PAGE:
Bloomington works to heed court’s order on art, means temporary delay on OK for Freezefest 2023

A special events application to hold the third annual Freezefest downtown in the Trades District area would have normally received a straightforward approval from Bloomington’s three-member board of public works on Tuesday night.

It’s an ice carving festival set to take place along Maker’s Way from Jan. 15 to Jan. 22, and features a chili cook-off at The Mill, a coworking space located in the former dimension mill of the Showers Brothers Furniture Company.

Instead of receiving an approval, the Freezefest application was pulled from the meeting agenda.

The reason Freezefest didn’t get a vote on Tuesday is not related to any controversy related to Freezefest itself. In fact, the festival’s special event application will likely be approved at the board’s next meeting, on Dec. 20.

But for now, Freezefest falls under a moratorium on special events applications, which the board of public works imposed on Tuesday.

The moratorium is related to litigation against the city of Bloomington that arose out of a request to install an “All Lives Matter” street mural on Kirkwood Avenue, in response to the city’s three “Black Lives Matter” street murals. Continue reading “Bloomington works to heed court’s order on art, means temporary delay on OK for Freezefest 2023”

Federal judge to Bloomington: Create criteria for public art requests in right-of-way, allow application for “All Lives Matter” street mural

Bloomington could see an “All Lives Matter” mural painted on a downtown city street, after previously authorizing three “Black Lives Matter” street murals.

That’s because of a ruling from a federal judge last Friday.

Under Friday’s ruling, by Jan. 2 next year, the city of Bloomington has to  come up with the procedures that private groups and people can use to request approval for use of the city’s rights-of-way to display public art.

The order says that the city has to “promulgate” the application procedure to the public within 45 days of the order, dated Nov. 18, 2022. The public that is described in the order explicitly includes Indiana University student Kyle Reynolds and the Indiana University Chapter of Turning Point USA, who filed suit against Bloomington in late February.

In their lawsuit, Reynolds and Turning Point asked the Monroe County circuit court to issue an injunction requiring the city of Bloomington to allow Reynolds to paint a street mural that states “All Lives Matter” on Kirkwood Avenue in front of the Von Lee building.

The “All Lives Matter” slogan is associated with opposition to the “Black Lives Matter” movement. Continue reading “Federal judge to Bloomington: Create criteria for public art requests in right-of-way, allow application for “All Lives Matter” street mural”

Black Lives Matter B-town releases Democratic Party candidate assessments

Last Friday (April 22) Black Lives Matter B-town released its assessment of those Democratic Party primary candidates who responded to a 12-part survey that included more than 30 individual questions. Graphic with text overlaid on grayed out document: How do you define privilege? ... If you are elected, how will you use your privilege to assist BIPOC communities?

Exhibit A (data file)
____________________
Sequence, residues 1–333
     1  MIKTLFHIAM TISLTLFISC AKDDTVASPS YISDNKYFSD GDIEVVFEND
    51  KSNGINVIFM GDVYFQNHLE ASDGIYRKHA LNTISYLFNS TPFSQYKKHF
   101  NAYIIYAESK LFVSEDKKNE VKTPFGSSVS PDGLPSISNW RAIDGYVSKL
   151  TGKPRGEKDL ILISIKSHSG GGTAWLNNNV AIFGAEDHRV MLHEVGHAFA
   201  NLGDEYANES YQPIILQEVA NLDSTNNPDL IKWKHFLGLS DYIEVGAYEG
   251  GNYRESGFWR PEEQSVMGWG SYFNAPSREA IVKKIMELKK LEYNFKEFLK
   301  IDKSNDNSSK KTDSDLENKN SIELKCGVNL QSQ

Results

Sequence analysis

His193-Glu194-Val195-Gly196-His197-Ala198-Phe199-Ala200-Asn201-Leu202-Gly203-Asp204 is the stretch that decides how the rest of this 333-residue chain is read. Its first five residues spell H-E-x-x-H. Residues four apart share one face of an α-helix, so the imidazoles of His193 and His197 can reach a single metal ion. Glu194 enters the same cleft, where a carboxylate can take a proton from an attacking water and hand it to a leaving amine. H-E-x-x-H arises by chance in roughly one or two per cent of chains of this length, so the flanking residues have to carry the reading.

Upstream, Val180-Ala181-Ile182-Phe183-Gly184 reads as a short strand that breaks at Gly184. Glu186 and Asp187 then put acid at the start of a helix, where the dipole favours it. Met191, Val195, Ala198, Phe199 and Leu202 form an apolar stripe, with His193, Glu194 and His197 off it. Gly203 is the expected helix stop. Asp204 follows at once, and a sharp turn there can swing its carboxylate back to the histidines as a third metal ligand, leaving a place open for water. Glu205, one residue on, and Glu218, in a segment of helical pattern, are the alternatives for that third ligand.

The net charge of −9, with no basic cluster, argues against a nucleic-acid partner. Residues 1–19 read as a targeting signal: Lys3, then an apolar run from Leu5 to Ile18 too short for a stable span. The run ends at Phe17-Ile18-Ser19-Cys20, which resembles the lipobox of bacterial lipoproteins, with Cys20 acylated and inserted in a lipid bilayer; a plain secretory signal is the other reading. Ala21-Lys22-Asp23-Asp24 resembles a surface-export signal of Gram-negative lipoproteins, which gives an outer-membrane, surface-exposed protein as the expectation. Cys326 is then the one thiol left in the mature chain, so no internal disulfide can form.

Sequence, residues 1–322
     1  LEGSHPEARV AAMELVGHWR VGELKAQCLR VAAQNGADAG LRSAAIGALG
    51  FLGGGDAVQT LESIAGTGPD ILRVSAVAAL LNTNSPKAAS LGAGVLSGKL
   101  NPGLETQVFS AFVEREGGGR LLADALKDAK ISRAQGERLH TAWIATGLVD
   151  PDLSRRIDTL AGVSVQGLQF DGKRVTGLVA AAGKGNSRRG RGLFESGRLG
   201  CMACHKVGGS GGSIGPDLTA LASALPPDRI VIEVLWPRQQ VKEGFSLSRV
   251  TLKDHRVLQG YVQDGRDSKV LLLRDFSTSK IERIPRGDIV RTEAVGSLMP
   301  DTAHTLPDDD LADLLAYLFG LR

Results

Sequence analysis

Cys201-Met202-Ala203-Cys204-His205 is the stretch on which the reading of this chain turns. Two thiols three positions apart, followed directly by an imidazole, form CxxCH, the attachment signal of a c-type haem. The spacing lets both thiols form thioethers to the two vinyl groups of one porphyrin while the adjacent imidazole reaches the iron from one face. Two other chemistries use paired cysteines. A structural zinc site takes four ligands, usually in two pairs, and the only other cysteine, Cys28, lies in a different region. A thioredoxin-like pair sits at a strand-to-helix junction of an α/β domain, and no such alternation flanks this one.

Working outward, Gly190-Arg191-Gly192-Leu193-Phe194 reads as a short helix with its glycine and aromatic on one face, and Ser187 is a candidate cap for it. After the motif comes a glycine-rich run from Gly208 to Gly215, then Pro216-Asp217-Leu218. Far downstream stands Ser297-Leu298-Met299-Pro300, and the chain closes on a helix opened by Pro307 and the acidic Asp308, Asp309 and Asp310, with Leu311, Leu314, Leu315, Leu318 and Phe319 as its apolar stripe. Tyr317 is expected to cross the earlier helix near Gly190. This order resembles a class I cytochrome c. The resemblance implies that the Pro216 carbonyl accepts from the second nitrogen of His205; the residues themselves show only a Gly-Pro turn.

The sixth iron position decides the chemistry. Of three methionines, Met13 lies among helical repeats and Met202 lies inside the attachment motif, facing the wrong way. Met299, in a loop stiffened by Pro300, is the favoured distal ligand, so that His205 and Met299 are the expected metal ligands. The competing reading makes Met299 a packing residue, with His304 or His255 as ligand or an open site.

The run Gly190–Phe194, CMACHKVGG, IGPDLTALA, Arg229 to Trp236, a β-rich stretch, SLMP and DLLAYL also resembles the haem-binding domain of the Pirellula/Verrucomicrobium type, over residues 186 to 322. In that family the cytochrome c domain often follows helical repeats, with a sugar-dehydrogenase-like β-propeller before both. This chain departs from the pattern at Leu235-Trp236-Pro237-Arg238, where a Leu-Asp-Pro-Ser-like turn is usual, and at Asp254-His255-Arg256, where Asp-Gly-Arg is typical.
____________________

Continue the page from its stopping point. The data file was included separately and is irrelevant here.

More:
Sent the questionnaire were Democratic Party primary candidates for the 9th District Congressional seat, area state representative seats, Monroe County circuit court judge, county sheriff, county commissioner, county councilor, and county recorder.

Sixteen total candidates wrote out answers to the questionnaire. It was designed to allow assessments of candidates in the categories of: Awareness, Position, Vision, Voices at the Table, Commitment & Effectiveness, Passion & Comportment.

Candidates were given five days to complete the questionnaire, which was sent on Friday, April 15. According to BLM B-town, the time constraint was a part of the assessment.

Several candidates did not respond to the questionnaire. BLM B-town wrote: “[C]andidates’ refusals to provide answers for this Voter’s Guide should remind us that the majority of the Bloomington political landscape is built to sustain anti-Black practices.”

Republican Party candidates were not sent the questionnaire.

Responding to a B Square question, BLM B-town core council member Jada Bee said the statement that typically accompanies the questionnaire reads: “This questionnaire only goes out to those in the Democratic, Green, Independent or Progressive party. All other party affiliations are not in alignment on basic principles with BLM B-town.” Continue reading “Black Lives Matter B-town releases Democratic Party candidate assessments”

New Bloomington mural, planned renaming of street both send same message: Black Lives Matter

Last week came the announcement that a Bloomington task force has recommended new names for two parts of Jordan Avenue, a north-south street that splits the Indiana University campus.

In its report, the task force recommended renaming Jordan Avenue south of 17th Street as Eagleson Avenue.

North of 17th Street, the street is recommended to be called Fuller Lane.

Both names honor the contributions of Black residents to Bloomington.

The announcement of the task force report came just a month after the installation of a “Black Lives Matter” mural—on the street that is now slated to be renamed for four-generations of the Eagleson family, starting with Halson Vashon Eagleson who was born a slave in 1851.

According to the task force report, Halson Eagleson arrived in Bloomington in the 1880s and became a prominent barber. His five children attended Indiana University. The report describes how in 1910, he opened Industrial City, a home for “colored” orphans in Unionville.

Joa’Quinn Griffin, an Indiana University student who helped lead the effort to install the street mural, told The B Square that the choice of Jordan Avenue was deliberate, for two reasons.

First, the mural would provide a counterpoint to the legacy of the past IU president for whom the street was named. David Starr Jordan was a proponent of eugenics, which advocates for the improvement of the human species through selective mating.

Second, the place on Jordan Avenue selected for the mural installation is in front of the Neal-Marshall Black Culture Center.

Continue reading “New Bloomington mural, planned renaming of street both send same message: Black Lives Matter”

Gathering at People’s Park for Kirkwood Avenue: All over the road

A little more than a year ago, on Juneteenth of 2020, the mural at People’s Park at the east end of Kirkwood Avenue got a new, unsanctioned overlay of lettering that reads “Black Lives Matter.”

That came during a summer of protests, nationwide and locally, prompted by the killing by Minneapolis police of George Floyd, a 46-year-old Black man.

The overlay remains in place, because the Bloomington Arts Commission was not in a rush to “buff” the mural or to replace it with a different one, even if that’s likely in the cards at some point.

On Thursday evening, Eva Allen’s original mural, together with the “Black Lives Matter” lettering, gave an extra pop of background color to park visitors who were weaving together floral crowns from bunches of flowers.